Due to heavy promotion by Tom and James, and probably also due to the Allen Fisher effect, I’m told last night was one of the busiest so far with just over forty people in attendance. It was great that a number of them were faces I hadn’t seen there before. I arrived pretty early because I had a lot of kit to set up and ensure was working, as well as CD-Rs for the bookstall. I didn’t notice if there was anything from Alex Davies there, I don’t think so. There were a number of Allen Fisher’s books available. I already have Leans and although I could have happily bought everything else he had there I restricted myself to Place. Also available, and also highly recommended are the Text Festival tie-in if p then q poster pack, the latest Parameter (with Jamie Birch’s excellent Eight I Am’s), and the anthology for the first year of The Other Room. Late addition, I read from Richard Barrett’s account that P.Inman’s Ad Finitum from if p the q was on sale, I’m quite annoyed with myself as I’ve been meaning to buy it for ages. Amazingly despite everything else that was on display I sold a few copies of the first six month CD-R set.

But to business. Alex Davies kicked off the night in great style. I’d heard a reading of Londonstone, and I think I may have seen video of him reading elsewhere, probably on the Openned site. He had a really interesting approach to his reading which involved him opening with extracts selected from various texts by other people, as he put it to get his voice in the room. I take this as meaning both helping the audience attune to his voice and style of reading as well as to the content, themes, etc of his work, and helping him to find his place within the space. Both Alex and Allen read without the microphone, and as far as could tell were able to be heard throughout the venue without needing to raise their voices too much. Alex read from Londonstone. As usual when I don’t have a written text to compare to or refer back to I’d have difficulty telling you what it was about. One of my initial impressions was that it was quite broken-up, short phrases and sections that might be unrelated. Beyond that I got impressions of the city, of life in the city, of vocabulary drawn from a range of sources, and of movement and change. I was reminded in perhaps a superficial way of Lucy Harvest Clarke’s work – except that crudely I’d call hers photographic while Alex’s strikes me as linguistic – which is a description in each case not a judgement.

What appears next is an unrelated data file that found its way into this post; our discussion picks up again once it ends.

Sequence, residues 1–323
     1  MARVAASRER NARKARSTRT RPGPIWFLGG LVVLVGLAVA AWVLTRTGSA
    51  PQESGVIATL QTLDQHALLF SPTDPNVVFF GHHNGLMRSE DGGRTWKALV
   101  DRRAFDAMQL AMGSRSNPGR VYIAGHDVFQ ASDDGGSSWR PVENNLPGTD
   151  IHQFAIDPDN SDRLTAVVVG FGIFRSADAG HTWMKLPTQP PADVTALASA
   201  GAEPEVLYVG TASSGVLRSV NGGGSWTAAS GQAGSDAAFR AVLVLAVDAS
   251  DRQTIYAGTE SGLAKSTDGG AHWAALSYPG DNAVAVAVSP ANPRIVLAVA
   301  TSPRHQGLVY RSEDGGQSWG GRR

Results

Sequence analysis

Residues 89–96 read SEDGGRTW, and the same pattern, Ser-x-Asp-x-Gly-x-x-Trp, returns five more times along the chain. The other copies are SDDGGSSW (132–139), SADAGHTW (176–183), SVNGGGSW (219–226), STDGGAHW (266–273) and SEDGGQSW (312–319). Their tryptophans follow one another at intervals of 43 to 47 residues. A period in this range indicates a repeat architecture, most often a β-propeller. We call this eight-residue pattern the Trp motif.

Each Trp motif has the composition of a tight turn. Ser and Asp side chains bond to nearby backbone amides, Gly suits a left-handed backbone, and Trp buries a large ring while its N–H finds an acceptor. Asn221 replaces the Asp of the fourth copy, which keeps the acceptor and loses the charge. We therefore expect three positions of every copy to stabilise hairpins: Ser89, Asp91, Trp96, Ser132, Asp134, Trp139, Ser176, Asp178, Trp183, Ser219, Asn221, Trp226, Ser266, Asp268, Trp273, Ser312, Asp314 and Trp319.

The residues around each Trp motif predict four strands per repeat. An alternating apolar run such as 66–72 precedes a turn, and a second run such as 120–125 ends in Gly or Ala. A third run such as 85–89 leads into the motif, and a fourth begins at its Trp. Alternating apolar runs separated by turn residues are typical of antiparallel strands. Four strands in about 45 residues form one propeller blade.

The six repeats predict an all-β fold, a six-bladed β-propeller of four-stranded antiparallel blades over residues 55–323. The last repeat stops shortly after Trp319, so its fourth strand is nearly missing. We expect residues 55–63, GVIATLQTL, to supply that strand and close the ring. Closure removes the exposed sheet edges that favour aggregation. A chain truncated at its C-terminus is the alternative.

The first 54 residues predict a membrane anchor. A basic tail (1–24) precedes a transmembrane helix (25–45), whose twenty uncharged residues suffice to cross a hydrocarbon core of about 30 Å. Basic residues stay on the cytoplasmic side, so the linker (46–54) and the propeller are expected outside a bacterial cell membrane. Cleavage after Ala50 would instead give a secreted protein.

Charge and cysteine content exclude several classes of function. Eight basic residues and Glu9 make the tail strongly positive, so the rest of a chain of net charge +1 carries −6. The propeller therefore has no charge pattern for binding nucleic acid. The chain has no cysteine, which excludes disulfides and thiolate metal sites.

I really wish I’d kept notes now, it’s not very useful to tell you that I was completely concentrated on what Alex read, and that I enjoyed it, if I can’t give you any impression of what the work was actually like. Part of that may also be down to performing. Although I don’t get nervous before I perform I do get a significant adrenalin rush and find it really difficult to concentrate on things beforehand – and sometimes after. Anyway, apologies to Alex, I’ll listen to some performances online and see if I can’t come up with a more focused response shortly.

I was next and have only a shaky sense of what happened. The first piece, dryer, went very smoothly, although a lot louder than I anticipated. The second piece, born perfect, was scrappy from my perspective – the volume was all wrong and started to feedback almost straight away. For a piece that was supposed to be relatively quiet and slowly developing this was a problem. Rather than start over and draw attention to the problem I set one of the cassettes playing and killed the loop, cleared it and restarted that way without breaking the piece up. I was then able to quickly go back and add in the elements I needed with only a small flare of feedback in the loop. I’d also broken the glass I brought to bow, and the beer glass I had was only able to muster a faint scraping. It’s an interesting thing about performing live that compared to rehearsals and to recording I always end up much more ferocious and confrontational than I intend. Anyway, from my perspective it was camera-shake impressions of people, a lot of feedback and noise throughout, and seemed to be over in five minutes. I’m told it was actually about fifteen.

Thankfully for everyone there was a break next and we were able to get a drink and sit and stand outside for 20 minutes or so. Although I had to spend some time packing my stuff. By this time I felt like it wasn’t long after 7:30 but I think it was closer to 8:20. Like I say the whole evening seemed to compress down to a fraction of the time it actually took.